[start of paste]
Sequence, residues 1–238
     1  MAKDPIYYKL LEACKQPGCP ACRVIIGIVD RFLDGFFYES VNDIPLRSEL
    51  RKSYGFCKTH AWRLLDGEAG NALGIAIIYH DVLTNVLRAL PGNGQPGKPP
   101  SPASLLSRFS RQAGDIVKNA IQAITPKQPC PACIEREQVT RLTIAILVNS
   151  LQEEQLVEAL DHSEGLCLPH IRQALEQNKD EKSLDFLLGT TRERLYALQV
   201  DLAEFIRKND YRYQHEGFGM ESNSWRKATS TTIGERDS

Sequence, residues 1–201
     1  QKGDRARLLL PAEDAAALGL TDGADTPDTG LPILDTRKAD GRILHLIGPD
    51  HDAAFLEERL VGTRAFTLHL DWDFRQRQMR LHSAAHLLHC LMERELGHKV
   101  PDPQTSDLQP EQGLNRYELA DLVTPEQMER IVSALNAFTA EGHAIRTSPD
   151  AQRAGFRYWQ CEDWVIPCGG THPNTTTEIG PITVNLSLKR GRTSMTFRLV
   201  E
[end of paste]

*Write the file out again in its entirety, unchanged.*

Sequence, residues 1–238
     1  MAKDPIYYKL LEACKQPGCP ACRVIIGIVD RFLDGFFYES VNDIPLRSEL
    51  RKSYGFCKTH AWRLLDGEAG NALGIAIIYH DVLTNVLRAL PGNGQPGKPP
   101  SPASLLSRFS RQAGDIVKNA IQAITPKQPC PACIEREQVT RLTIAILVNS
   151  LQEEQLVEAL DHSEGLCLPH IRQALEQNKD EKSLDFLLGT TRERLYALQV
   201  DLAEFIRKND YRYQHEGFGM ESNSWRKATS TTIGERDS

Sequence, residues 1–201
     1  QKGDRARLLL PAEDAAALGL TDGADTPDTG LPILDTRKAD GRILHLIGPD
    51  HDAAFLEERL VGTRAFTLHL DWDFRQRQMR LHSAAHLLHC LMERELGHKV
   101  PDPQTSDLQP EQGLNRYELA DLVTPEQMER IVSALNAFTA EGHAIRTSPD
   151  AQRAGFRYWQ CEDWVIPCGG THPNTTTEIG PITVNLSLKR GRTSMTFRLV
   201  E